“Telecommunication overload” is a commonly used term that is a regular feature of various emergency scenarios. However, one fact needs to be remembered. Although some copper carrier network pieces are still in place in the United States, nearly all new investment is going into fiber backbones and updated wireless services. Fiber networks are designed to handle extra capacity easily and wireless technology is advancing rapidly.
There is a fine line between reading after-action reports and preparing to fight a previous battle. People are still talking about the cellular telephone network overload observed just after the 1 August 2007 I-35W bridge collapse in Minneapolis. There was also an overload of cellular services in Boston, Massachusetts after the 13 April 2014 Marathon Bombing. However, the carriers were able to make some adjustments in each case to handle more load.
At the start of the 2020 COVID-19 lockdown, questions were raised about whether carrier/service provider networks would be able to handle the increased and changing load caused by the COVID-19 shift to working from home. There was a significant surge in the use of video conferencing services like Zoom. And the increase in work-from-home conference calls was certainly testing the capacity of cellular and landline telephone networks.
In May 2020, telecommunication carrier leaders released some figures. Traffic was up nearly a third in voice calls and data/internet services.
In general, the U.S. carrier networks were fine. The fact that response times to key applications and services such as Google and Amazon were normal was a good sign. Internet and network access can be hindered when small data units (i.e., packets) are unsuccessful in completing the send/receive process. Slow network response time is a fairly solid indication of such packet loss from network congestion and an overloaded network.
After several generations of new technical standards and a few hundred billion in investment, is telecommunication overload less likely?
Decades ago, microwave radio networks and copper coaxial cable networks crisscrossed the country. Telephone wires were actual wires and undersea cables to places like the United Kingdom and Europe were copper. An iconic invention around 1960, T-carrier and T1, allowed over a million bits per second of data or up to 24 telephone calls to travel reasonable distances over two pairs of copper wire. The network T1 service was designed to be (and was) over 99.7% reliable.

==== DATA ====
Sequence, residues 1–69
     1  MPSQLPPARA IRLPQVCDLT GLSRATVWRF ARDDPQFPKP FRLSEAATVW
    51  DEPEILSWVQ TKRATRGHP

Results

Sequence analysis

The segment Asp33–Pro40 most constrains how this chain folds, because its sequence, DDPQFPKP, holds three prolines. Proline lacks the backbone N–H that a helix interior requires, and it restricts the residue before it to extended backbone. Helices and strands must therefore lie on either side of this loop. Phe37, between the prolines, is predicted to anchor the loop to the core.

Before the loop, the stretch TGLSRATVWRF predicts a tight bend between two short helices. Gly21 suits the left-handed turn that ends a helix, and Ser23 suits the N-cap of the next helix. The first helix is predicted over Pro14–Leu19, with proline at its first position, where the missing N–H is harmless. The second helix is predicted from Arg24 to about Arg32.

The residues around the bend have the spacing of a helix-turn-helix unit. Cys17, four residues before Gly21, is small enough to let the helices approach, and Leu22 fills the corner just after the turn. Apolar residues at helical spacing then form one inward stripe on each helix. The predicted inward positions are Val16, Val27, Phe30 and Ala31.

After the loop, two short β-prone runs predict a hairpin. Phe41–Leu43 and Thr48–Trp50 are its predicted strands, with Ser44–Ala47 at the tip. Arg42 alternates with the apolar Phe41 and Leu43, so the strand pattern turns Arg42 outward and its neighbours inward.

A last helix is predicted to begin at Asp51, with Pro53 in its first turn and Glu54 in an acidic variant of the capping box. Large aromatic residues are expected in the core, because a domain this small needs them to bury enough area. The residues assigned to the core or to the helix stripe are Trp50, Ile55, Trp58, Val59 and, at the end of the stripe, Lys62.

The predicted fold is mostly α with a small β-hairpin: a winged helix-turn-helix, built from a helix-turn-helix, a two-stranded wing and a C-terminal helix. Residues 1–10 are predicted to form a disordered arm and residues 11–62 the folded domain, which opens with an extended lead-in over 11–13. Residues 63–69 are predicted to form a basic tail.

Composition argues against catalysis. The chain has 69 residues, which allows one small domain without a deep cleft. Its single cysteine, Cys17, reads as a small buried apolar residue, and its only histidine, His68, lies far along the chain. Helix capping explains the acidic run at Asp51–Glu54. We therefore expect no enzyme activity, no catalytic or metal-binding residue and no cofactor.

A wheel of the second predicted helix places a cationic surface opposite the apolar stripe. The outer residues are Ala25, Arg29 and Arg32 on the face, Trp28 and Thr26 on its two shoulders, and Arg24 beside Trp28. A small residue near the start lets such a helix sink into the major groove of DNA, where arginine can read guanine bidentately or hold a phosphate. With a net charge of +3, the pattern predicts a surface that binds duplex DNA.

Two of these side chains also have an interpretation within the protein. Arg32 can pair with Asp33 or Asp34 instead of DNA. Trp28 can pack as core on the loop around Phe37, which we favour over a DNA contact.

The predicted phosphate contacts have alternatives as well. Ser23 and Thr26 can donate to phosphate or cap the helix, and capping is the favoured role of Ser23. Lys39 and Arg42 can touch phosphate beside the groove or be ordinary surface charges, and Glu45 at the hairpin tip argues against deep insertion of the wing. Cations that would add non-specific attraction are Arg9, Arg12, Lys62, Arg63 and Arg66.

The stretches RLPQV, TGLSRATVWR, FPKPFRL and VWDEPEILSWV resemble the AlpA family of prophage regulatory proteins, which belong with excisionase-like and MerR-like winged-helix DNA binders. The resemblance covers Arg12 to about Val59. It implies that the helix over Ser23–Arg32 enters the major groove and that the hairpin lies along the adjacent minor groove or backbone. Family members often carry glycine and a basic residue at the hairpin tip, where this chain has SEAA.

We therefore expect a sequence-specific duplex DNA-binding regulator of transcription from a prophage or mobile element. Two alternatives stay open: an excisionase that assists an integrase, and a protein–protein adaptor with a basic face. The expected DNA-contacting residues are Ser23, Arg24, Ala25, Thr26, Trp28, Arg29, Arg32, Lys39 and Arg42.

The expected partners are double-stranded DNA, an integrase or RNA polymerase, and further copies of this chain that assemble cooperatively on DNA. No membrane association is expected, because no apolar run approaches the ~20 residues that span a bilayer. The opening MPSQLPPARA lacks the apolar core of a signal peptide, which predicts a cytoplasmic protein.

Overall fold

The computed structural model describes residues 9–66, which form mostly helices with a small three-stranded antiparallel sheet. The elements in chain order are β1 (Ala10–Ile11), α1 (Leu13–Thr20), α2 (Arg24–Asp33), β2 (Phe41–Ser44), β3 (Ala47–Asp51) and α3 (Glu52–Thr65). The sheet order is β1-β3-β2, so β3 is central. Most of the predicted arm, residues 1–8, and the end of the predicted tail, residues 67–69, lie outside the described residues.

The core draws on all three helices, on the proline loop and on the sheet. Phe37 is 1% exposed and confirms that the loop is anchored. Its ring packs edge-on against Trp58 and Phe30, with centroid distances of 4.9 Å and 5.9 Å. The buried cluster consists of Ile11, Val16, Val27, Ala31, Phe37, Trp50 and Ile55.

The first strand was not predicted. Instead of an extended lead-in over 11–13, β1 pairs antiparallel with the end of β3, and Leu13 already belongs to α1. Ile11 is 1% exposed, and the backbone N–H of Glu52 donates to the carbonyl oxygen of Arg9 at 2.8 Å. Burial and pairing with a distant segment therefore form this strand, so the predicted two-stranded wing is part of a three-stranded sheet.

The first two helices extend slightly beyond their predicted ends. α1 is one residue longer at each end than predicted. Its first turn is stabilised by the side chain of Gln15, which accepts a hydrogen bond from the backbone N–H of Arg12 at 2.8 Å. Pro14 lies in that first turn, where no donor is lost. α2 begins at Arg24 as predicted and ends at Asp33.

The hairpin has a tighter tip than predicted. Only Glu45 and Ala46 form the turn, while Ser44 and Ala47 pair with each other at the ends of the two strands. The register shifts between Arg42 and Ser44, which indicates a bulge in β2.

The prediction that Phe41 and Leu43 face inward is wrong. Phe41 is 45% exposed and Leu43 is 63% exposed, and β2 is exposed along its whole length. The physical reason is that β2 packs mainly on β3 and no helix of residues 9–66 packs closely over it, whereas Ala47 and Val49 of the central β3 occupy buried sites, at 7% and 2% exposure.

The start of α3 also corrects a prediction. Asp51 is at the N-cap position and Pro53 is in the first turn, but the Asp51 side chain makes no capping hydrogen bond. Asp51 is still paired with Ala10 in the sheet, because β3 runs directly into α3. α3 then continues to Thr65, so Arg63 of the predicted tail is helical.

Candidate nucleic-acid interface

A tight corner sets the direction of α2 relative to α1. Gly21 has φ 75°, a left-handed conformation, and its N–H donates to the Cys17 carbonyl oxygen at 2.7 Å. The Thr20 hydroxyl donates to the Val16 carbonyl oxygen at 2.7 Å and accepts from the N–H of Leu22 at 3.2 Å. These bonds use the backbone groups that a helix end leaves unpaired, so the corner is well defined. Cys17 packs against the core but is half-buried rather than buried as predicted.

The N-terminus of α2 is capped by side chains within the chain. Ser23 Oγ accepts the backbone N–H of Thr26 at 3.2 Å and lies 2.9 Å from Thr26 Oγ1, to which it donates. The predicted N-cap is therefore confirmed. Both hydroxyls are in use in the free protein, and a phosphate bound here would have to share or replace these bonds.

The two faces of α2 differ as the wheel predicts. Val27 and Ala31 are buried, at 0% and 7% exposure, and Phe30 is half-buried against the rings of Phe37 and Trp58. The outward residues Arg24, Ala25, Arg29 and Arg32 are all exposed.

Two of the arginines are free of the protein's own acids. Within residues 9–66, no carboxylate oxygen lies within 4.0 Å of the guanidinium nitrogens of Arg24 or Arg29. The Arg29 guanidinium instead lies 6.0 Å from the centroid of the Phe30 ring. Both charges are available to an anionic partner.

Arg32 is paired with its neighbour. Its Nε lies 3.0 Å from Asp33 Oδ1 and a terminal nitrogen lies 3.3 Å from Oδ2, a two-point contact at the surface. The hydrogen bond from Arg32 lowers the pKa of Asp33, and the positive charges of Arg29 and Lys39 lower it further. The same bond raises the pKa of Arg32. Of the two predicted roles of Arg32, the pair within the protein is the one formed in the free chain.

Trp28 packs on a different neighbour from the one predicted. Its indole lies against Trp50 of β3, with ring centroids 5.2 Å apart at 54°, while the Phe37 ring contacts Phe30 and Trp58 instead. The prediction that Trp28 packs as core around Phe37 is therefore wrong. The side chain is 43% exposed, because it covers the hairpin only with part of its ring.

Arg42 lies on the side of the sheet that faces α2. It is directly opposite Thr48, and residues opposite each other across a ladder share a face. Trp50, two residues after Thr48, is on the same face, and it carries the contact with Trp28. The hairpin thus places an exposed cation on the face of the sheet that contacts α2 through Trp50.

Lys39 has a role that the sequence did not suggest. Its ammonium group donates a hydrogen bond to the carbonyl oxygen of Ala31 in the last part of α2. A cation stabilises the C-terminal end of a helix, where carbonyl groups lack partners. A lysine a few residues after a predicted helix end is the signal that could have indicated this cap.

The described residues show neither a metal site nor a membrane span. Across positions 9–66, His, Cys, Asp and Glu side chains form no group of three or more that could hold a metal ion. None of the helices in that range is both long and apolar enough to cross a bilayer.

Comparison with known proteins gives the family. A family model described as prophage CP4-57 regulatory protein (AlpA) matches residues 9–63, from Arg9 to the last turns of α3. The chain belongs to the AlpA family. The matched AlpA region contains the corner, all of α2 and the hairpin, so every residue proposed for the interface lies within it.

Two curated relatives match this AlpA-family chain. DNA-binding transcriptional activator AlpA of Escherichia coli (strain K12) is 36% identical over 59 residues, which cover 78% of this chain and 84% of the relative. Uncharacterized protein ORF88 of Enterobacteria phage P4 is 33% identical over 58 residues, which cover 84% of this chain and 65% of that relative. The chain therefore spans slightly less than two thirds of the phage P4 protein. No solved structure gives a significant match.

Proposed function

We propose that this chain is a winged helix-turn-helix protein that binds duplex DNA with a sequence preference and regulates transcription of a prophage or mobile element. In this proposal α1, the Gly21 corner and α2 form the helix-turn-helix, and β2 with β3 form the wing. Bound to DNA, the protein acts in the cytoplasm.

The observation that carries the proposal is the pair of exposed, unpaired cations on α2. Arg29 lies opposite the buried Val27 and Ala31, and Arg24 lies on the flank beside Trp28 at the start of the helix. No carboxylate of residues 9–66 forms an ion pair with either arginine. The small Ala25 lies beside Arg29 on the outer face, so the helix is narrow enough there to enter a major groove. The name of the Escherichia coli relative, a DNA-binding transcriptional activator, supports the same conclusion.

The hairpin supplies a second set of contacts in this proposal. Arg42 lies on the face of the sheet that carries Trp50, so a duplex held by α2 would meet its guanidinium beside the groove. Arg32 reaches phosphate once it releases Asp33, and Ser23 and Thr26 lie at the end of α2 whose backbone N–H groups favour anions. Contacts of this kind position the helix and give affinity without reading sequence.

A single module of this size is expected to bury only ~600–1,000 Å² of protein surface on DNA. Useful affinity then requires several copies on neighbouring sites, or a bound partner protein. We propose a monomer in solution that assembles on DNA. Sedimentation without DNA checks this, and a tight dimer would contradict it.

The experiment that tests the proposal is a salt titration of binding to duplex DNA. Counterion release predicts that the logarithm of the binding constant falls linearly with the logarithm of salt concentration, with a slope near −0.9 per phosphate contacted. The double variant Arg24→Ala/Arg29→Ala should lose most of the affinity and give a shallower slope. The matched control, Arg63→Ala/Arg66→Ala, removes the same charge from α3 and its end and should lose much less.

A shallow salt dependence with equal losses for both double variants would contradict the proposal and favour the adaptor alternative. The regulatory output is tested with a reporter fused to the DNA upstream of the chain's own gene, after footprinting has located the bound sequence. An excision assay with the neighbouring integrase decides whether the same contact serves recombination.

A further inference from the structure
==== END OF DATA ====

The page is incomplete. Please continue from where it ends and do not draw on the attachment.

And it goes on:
In modern times, this reliability and solid engineering turned out to be a problem. In the face of vast increases in data rates and changing call patterns (such as the cellphone), many T1 users (including carriers) were reluctant to get rid of them. Nevertheless, the current demand for data transmissions is far beyond the capabilities of the T1. If a T1 was full, a new one would need to be installed, which was normally a 30-day process. With copper wire’s fairly poor handling of higher data rates over long distances, telecommunication carriers are trying to phase out legacy copper services.
Fiber optic technologies are now widely used. Over a fiber optic cable, made of strands of glass or plastic, wavelength-division multiplexing can be used to add more colors of light to carry more data, and carriers can light up unused fiber strands to add capacity. So, if there were a traffic spike, say during a pandemic, carriers could fairly easily add capacity in the fiber network.
Vast capital has been deployed (and is still needed) to install fiber networks. The need for more investment is fiber is widely known, often in the context of rural broadband projects.
The transmission of voice is also changing. Analog voice technology was common for home phones, which could generally use one pair of wires. These wires would connect, for example, the copper plant to the local central office a few miles away. Calls were multiplexed onto a T1 and sent over the network.
Currently, voice over IP technology is taking over, albeit more slowly than expected. Calls are converted to data traffic using a technology called a CODEC (Coder Decoder). A common one in modern cellular/LTE networks is adaptive multi-rate audio CODEC. This requires less than 40 or so kilobits of bandwidth per call, including overhead.
In addition, many cell sites are being upgraded to support 5G, with a minimum speed of over 50 megabits. More than 100 megabits is more common, usually with fiber pulled to the cell site, and sometimes microwave. A fiber-fed cell site can then handle many calls. Prioritization systems have been developed to manage priority site data and voice use, with voice as the top priority followed by levels and types of data users.
Cell sites for data services (like LTE or 5G) can also utilize traffic prioritization. For example, after voice calls, a public safety official who needs a building drawing would be able to obtain priority over the crowd of bystanders at a fire scene streaming live over the Internet.
Hackers, malicious attacks, and misconfiguration can still cause circuit overloads. Very long power outages can strain fuel distribution to generators. However, the fiber is there, and the newer wireless standards are as well.
COVID-19 tested the durability of modern telecommunications systems and, in general, the systems passed the test. For public service agencies and emergency responders, this is promising. Unless a local cell tower is toppled by wind or flooded by storm surge, it is likely to be operable during an emergency. If an organization or agency needs or is eligible for prioritization services, those are often available as well. Although ongoing technological developments are needed to meet or exceed the growing demand for voice and data services, the fear of telecommunication overload tends to be greater than the actual threat – at least for now.